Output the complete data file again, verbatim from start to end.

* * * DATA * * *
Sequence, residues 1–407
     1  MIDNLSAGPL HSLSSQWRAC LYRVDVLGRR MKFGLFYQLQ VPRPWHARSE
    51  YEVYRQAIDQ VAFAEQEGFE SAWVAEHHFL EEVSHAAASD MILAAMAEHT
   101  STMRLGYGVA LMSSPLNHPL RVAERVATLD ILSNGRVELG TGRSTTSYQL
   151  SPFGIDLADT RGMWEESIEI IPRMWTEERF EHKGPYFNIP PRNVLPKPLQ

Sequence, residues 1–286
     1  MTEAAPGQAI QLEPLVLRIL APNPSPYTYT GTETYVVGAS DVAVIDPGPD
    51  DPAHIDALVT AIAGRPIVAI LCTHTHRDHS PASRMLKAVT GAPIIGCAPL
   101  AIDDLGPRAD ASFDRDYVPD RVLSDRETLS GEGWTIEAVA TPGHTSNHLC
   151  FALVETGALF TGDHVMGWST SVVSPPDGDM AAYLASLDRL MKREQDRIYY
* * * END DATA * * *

Sequence, residues 1–407
     1  MIDNLSAGPL HSLSSQWRAC LYRVDVLGRR MKFGLFYQLQ VPRPWHARSE
    51  YEVYRQAIDQ VAFAEQEGFE SAWVAEHHFL EEVSHAAASD MILAAMAEHT
   101  STMRLGYGVA LMSSPLNHPL RVAERVATLD ILSNGRVELG TGRSTTSYQL
   151  SPFGIDLADT RGMWEESIEI IPRMWTEERF EHKGPYFNIP PRNVLPKPLQ

Sequence, residues 1–286
     1  MTEAAPGQAI QLEPLVLRIL APNPSPYTYT GTETYVVGAS DVAVIDPGPD
    51  DPAHIDALVT AIAGRPIVAI LCTHTHRDHS PASRMLKAVT GAPIIGCAPL
   101  AIDDLGPRAD ASFDRDYVPD RVLSDRETLS GEGWTIEAVA TPGHTSNHLC
   151  FALVETGALF TGDHVMGWST SVVSPPDGDM AAYLASLDRL MKREQDRIYY